Hoboken, New Jersey’s long history of immigration framed the waterfront city’s food scene from its earliest days. In the 1800s, the Germans arrived after the Dutch settlers established the area. The next wave included Irish immigrants looking for work on the bustling docks. After World War I, the Italians settled, and later, in 1960, the Puerto Ricans. In the past, the different ethnic groups were at war with the newcomers, and various neighborhoods were off-limits to the other. People of each nationality were expected to stay in their own sections of town. When the cultures started to mix, tensions eased until the next immigrant group arrived. Eventually, the newest residents began to find their footing and integrate, creating a multicultural city. Today, the one-square-mile town is a real melting pot with a variety of ethnicities representing their cultures through food. For diners, this diverse population offers a plethora of dining options from several countries around the globe. Hoboken is a foodie city and offers diners many options.
This list is just the tip of the culinary iceberg in historic Hoboken, and our recommendations are shared in no particular order.
1. Pilsener Haus And Biergarten
Pilsener Haus and Biergarten is an authentic beer garden that occupies an old brick factory from the 1920s on Grand Street in Hoboken. The atmosphere sets the scene with distressed signs, German flags, and long wooden communal drinking tables. If I didn’t know better, I would have thought I was in Munich. Pilsener Haus serves 18 different beers on tap from Germany, Austria, Belgium, and local breweries and more than 50 different bottled and canned varieties of European- and American-style beer.
Not a beer drinker? Cider, wine, and cocktails are also on the drink menu. The food is just as alluring. Try pairing a warm Bavarian pretzel with an Oktoberfest lager as a starter. The bratwursts are also traditional, as is the wiener schnitzel served with German potato salad and lingonberry sauce. If you saved room, the apple strudel is topped with vanilla ice cream.
Pro Tip: If you can’t decide between a wurst or a pretzel, order the Meatlover Pretzel, served with bratwurst, kielbasa, barbecue pulled pork, sauerkraut, Liptauer cheese, and Bavarian mustard for the best of all worlds.
Augustino’s is a tiny six-table restaurant that serves authentic Italian cuisine out of a historic building on Washington Street. While there are several Italian restaurants in town, this one stands out for its fresh seafood, veal, and pork dishes. The pasta is al dente (chewy to the bite), making all the sauce options, from carbonara (peas, bacon, and onions in cream sauce) to the Pomodoro, next-level.
Augustino’s has a full bar with a curated selection of wines to pair with your meal. Once seated, you’re served a classic crostini: a slice of toasted bread topped with chopped tomatoes, olive oil, and garlic. Appetizers range from shellfish to a stuffed artichoke with garlic, oil, and breadcrumbs, a unique menu item that reminds me of home. I ordered the classic linguine in white clam sauce, and it was outstanding. The portion was large and brimming with fresh clams and sliced garlic. It was heavenly. The tables are booked continuously, and reservations are required. Cash is the only payment method.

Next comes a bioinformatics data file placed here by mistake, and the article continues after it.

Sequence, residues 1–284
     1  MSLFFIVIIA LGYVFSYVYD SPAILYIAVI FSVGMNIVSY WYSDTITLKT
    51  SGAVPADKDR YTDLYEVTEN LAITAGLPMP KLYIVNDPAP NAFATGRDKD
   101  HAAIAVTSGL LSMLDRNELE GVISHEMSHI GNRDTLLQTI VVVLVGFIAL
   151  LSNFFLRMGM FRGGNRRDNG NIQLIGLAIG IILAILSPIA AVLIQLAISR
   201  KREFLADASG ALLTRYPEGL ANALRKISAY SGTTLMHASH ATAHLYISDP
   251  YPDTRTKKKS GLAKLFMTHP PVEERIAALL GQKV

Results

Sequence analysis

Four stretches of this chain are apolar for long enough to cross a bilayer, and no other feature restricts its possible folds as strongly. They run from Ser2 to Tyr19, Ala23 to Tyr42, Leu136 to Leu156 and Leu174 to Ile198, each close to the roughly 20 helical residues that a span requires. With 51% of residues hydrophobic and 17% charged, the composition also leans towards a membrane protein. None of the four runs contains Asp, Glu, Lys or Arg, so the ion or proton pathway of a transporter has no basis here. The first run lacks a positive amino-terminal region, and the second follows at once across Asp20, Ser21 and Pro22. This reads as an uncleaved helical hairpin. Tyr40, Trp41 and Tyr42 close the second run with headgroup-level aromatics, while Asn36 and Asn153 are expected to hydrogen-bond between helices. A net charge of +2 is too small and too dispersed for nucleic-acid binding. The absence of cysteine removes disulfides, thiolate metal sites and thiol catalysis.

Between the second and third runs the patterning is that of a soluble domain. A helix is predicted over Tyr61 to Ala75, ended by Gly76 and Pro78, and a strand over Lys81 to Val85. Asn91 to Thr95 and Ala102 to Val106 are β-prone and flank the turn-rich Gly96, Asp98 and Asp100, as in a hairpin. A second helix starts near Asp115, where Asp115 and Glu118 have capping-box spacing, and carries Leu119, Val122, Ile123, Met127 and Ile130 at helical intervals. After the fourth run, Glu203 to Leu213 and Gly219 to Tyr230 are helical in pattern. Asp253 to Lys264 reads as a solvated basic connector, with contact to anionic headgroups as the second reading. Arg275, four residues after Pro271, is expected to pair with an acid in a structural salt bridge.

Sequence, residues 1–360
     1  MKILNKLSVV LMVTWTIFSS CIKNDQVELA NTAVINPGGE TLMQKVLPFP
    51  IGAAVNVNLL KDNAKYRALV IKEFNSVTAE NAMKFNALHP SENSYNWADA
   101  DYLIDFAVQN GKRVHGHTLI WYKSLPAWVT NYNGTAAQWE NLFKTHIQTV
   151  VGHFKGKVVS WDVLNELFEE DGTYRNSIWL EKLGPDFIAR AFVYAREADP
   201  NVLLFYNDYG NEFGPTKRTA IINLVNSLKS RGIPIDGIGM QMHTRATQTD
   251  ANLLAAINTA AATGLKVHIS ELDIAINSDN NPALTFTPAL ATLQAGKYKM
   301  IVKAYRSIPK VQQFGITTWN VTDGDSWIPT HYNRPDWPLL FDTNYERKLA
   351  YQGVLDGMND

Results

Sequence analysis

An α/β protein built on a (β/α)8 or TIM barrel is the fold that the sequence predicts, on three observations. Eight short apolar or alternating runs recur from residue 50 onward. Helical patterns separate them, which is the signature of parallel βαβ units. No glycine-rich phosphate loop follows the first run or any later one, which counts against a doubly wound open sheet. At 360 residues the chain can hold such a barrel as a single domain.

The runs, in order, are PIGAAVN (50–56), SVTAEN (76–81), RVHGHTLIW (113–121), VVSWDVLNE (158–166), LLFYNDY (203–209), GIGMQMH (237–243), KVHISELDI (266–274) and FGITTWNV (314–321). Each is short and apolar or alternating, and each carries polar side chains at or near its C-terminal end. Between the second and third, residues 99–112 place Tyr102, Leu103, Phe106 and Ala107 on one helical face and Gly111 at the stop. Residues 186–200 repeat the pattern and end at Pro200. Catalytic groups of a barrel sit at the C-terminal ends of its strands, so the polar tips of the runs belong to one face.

Pro Tip: The breaded pork chop with vinegar and peppers is the dish patrons can’t stop ordering.
3. Amanda’s Restaurant
Amanda’s Restaurant is a charming spot that makes for a romantic date night. Housed in a historic space circa 1895, it had once been a private home and then was a lawyer’s office. In 1991, it became a restaurant when the previous owner broke through to the next building to increase seating capacity. There are corner banquettes and cozy tables for two, and the rooms still have historical details like moldings and high ceilings. The ambiance and warmth match the hospitality of owners, Juliet and Juan Mendoza. The Mendozas took the helm in 2016.
Their menu reflects an Argentinian twist with house-made empanadas and pasta, including the chicken ravioli in a San Marzano tomato sauce. Argentinian favorites such as grilled flank steak with freshly made chimichurri give diners an authentic taste of South American cuisine. The menu reflects a strong Italian influence as well. Immigrants from Southern Italy chose to sail either to Argentina or America around the 1900s based on the fare prices, and those immigrants influenced the culture and cuisine.
Pro Tip: Try the empanadas and the Argentinian grilled sausage for memorable, authentic flavors.
4. La Isla Restaurant
La Isla Restaurant has two locations in Hoboken, a 39-seat spot that has been in business since 1970, and a new 100-seat restaurant uptown near the waterfront. At either location, the incredible flavors of Cuban cuisine are brought to life by chef-owner Omar Giner using the freshest ingredients. Giner trained as a pastry chef, and his craft is influenced by the home cooking of his Cuban upbringing. Giner’s use of authentic ingredients and textures in his Nuevo Latino specials bring patrons back to sample his exciting fusions. The motto at La Isla is “Large portions at reasonable prices.” On my visit to the uptown La Isla, I enjoyed a pressed sandwich called an El Cubano or Cuban sandwich: pulled pork, ham, swiss cheese, pickles, and mojo layered on crusty bread and pressed flat like a panini. The crunch was totally satisfying, and the combination of flavors was incredible. Paired with a Cuban coffee, the El Cubano made for an excellent meal. The ambiance of music, art, and authentic food had me dreaming of Cuba.